COVID-19: A Special Role for Humanitarian Crisis Negotiators?

By March 22, 2020March 31st, 2021All Stories, Negotiation Research

The COVID-19 crisis has significant protection, health and socio-economic implications for the Rohingya refugee response. Nearly one million Rohingya refugees live alongside some of the most at-risk host communities in southern Bangladesh, a disaster-prone region already vulnerable to a wide-range of shocks and stresses, as well as domestic and gender-based violence.

To support fighting COVID-19 in the Donbass, ICRC provides a stock of personal protective equipment and materials to dispose of hazardous substances to a team of rescuers. (Photo: Yovgen Nosenko/ICRC)

Introduction

For the first time in four generations, a huge crisis is striking globally. The current calamity and its rapid spread is generating huge disruption in our societies and is shaking our belief in society’s ability to protect the population. It is also opening the door to serious questions about our current and future ability to outwit such massive phenomena. It may be time to reflect on the true nature of crises and their particular features and why we seem to be taken aback by their occurrence. To paraphrase the French catastrophist Patrick Lagadec[1], we have entered “the continent of the unexpected”. 

A crisis, not an emergency

A crisis is a specific, unexpected (or unpredictable), and non-routine event or series of events that create a high level of uncertainty and a threat or perceived threat to an organization’s high-priority goals. A crisis is a unique phenomenon that can neither be rehearsed nor completely anticipated. It is not just another emergency. An emergency takes place in an environment that is known and can be managed within the existing framework and understanding. Whereas a crisis is characterized by discontinuity, uncertainty, and complexity.

Put more simply: it is a jump into the unknown. Hic sunt dracones[1] as medieval cartographers would label unchartered waters.

In a complex environment (a network of components which give rise to complex collective behaviour), a true crisis is in fact a succession or combination of crises which interact with each other and generate a vast array of predictable as well as unpredictable effects and new cascading phenomena that are difficult or impossible to anticipate[2].

The Great Plague of 1346 -1353 brought considerable changes in Western societies, such as to the role of religion and structure of political institutions.  And COVID 19 may transform the humanitarian ethos as we know it.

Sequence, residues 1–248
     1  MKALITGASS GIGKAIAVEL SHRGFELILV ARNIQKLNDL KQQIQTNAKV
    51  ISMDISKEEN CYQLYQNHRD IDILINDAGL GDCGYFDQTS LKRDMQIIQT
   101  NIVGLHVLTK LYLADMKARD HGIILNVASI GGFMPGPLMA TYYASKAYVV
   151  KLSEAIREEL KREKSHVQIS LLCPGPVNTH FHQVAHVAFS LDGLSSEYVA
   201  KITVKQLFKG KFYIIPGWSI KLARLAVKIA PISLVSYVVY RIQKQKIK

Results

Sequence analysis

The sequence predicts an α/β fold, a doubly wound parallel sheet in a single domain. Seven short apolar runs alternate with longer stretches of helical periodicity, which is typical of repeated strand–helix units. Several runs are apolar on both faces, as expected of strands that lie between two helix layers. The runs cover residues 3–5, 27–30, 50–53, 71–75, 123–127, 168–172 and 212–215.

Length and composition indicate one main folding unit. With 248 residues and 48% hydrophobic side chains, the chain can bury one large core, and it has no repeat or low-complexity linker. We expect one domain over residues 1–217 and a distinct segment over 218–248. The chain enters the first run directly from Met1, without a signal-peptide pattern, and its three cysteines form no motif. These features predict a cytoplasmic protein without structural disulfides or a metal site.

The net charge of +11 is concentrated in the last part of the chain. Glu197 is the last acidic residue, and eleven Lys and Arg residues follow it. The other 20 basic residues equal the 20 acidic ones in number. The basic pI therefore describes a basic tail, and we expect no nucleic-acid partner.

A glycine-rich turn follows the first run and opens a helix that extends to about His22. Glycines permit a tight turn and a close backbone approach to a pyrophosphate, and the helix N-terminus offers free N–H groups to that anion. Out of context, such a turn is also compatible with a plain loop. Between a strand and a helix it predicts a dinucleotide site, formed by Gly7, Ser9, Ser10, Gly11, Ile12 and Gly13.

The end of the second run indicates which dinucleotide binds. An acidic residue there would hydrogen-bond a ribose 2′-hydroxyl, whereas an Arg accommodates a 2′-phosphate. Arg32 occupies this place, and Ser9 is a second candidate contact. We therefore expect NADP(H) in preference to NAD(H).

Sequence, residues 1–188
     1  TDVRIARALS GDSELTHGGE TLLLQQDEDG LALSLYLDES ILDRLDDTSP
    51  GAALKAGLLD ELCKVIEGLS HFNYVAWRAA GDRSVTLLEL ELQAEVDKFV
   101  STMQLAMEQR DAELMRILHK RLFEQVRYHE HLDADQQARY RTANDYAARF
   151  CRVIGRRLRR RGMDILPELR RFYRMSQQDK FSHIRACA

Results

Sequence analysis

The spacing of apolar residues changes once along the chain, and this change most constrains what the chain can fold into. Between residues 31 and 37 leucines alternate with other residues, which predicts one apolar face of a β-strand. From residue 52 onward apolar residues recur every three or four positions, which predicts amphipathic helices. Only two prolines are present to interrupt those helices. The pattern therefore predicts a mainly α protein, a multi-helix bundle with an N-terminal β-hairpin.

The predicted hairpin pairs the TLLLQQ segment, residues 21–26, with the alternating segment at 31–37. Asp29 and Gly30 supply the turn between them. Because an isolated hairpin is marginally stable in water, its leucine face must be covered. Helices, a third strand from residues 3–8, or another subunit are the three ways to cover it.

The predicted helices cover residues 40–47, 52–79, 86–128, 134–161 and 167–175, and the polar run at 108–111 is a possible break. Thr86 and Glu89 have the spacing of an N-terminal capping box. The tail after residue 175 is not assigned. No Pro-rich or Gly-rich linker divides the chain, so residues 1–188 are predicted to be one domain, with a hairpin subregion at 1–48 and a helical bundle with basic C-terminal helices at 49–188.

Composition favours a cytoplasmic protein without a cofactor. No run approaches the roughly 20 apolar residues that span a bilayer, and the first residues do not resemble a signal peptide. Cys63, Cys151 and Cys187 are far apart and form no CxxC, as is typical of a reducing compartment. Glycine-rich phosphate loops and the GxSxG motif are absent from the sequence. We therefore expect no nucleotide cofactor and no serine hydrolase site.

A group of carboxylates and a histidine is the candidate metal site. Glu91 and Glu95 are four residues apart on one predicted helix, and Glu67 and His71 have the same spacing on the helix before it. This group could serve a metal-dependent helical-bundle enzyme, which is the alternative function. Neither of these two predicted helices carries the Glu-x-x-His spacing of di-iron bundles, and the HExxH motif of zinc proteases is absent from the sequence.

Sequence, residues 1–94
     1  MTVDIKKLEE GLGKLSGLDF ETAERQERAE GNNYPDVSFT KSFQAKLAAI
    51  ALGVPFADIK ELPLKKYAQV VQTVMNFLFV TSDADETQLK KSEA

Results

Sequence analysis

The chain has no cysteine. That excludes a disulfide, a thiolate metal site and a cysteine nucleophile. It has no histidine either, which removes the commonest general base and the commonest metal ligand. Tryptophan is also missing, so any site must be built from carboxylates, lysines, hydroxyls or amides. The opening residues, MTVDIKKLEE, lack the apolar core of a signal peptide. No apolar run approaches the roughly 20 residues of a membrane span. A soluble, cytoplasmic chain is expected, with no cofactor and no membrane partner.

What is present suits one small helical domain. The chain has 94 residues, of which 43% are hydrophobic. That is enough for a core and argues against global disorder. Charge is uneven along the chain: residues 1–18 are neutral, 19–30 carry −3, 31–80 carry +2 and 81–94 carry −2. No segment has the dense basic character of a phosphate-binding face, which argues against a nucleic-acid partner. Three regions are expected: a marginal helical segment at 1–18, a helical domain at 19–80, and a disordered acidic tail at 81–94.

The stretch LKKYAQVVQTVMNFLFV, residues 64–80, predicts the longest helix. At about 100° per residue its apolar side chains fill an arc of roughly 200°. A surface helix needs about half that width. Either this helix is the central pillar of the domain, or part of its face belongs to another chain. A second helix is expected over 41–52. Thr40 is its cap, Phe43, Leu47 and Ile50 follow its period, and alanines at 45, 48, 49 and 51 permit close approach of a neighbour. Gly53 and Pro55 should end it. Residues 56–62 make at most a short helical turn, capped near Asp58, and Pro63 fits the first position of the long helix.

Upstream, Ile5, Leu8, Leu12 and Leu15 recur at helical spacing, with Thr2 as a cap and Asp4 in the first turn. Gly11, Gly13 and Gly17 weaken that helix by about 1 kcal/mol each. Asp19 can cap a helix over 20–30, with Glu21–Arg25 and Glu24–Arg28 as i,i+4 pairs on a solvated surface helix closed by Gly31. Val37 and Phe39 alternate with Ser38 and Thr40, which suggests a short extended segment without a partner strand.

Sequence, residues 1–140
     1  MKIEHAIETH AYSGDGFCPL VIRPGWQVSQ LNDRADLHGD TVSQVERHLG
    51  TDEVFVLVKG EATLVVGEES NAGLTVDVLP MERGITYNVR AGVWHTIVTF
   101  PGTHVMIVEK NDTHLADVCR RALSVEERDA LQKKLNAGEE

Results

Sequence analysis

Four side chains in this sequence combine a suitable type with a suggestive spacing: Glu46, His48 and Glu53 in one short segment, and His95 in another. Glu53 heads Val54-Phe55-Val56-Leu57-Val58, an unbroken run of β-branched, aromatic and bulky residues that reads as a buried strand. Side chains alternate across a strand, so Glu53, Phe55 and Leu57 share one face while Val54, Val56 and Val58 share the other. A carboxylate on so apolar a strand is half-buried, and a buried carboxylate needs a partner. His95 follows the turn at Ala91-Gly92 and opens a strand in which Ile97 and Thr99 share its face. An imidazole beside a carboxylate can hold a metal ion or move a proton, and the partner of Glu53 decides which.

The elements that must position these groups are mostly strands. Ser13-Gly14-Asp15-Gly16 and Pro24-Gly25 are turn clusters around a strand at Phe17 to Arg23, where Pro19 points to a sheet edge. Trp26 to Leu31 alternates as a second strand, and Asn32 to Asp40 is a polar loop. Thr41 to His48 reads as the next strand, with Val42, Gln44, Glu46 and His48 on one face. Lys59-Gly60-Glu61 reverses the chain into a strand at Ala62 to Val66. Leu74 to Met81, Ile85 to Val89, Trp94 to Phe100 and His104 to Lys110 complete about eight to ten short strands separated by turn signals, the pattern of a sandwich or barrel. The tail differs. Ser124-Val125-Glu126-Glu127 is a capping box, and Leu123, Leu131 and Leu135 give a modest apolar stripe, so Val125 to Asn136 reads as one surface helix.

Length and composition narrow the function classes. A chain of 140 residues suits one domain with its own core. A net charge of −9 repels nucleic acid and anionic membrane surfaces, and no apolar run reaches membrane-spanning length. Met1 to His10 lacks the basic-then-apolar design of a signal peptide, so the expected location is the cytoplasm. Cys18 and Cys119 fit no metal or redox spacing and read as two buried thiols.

COVID-19: A Networked Crisis

COVID-19 is typically a networked crisis. The virus that led to the disease COVID-9 was only the beginning that set off the chain of events and phenomena. The viral infection became a medical crisis, then a public health crisis, rapidly leading to an economic and financial crisis, political and leadership confusion, and is now accompanied by growing social stresses and worries about the provision of basic necessities. And these interact in surprising ways.

As Jacques Attali[3] clearly indicates, such catastrophes tend to call into question systems of belief and the nature of control and the regime of authority. Such mega crises may not only challenge existing societal bulwarks but could be also a game-changer both on the national and international scenes.

So far, States and their institutions in the Western world, as well as in the so-called global South, have held up quite well.  The international order is (not yet) crumbling. However, we should not underestimate the possible transformative effects initiated by the COVID-19 crisis.

“Here be dragons” means dangerous or unexplored territories, in imitation of a medieval practice of putting illustrations of dragons, sea monsters, and other mythological creatures on uncharted areas of maps where potential dangers were thought to exist. (Wikipedia)

Security Spill Over – Recent Experiences

In addition to structural transformation, such a mega-crisis may also generate unpredictable collective human behaviour that may create new political, social conditions, or humanitarian challenges. A peak in criminal behaviour or collective violence, due to the authorities’ inability to care for their own population, would challenge the resilience of already weak institutions and their functioning. And this would, in turn, lead to additional security issues. Trust in the system and its representatives proved critical for maintaining the social fabric during the Great Influenza of 1918[4]. Can we expect the same level of resilience in the interconnected world of 2020?

We have seen in the recent past that the development of the Ebola crisis (2014) in West Africa was clearly linked to the robustness (or lack thereof) of each nation-state. In Liberia, largely a

failed state at that time, the initial health issue quickly became a security problem requiring intervention from international forces. Whereas in Sierra Leone, with stronger state structures, the crisis did not result in a situation of violent unrest, although the Ebola crisis inflicted significant damages on other life-saving programs such as the anti-malaria programs.

In Sicily, some observers have already reported signs of unrest, and police had to be called to a supermarket, where people stole food to feed themselves as patience turned to desperation[1]. There are already some signs that the current crisis is generating xenophobic campaigns against foreign organizations in South Sudan or RDC.

Bounded Rationality – The Natural State of the Negotiator’s Ecosystem

Crisis situations inevitably create the feeling that humanitarian response is not based on pre-established routine, secure data, proper deliberation, and cartesian logic. These are part of the response, but such situations by nature also call for gut instincts, guesswork and conjecture. Crisis management relies deeply on our capacity to see problems from the right angle, with the appropriate level of understanding and to respond rapidly. In other words, it depends on our capacity to produce real-time actionable intelligence about what is going on.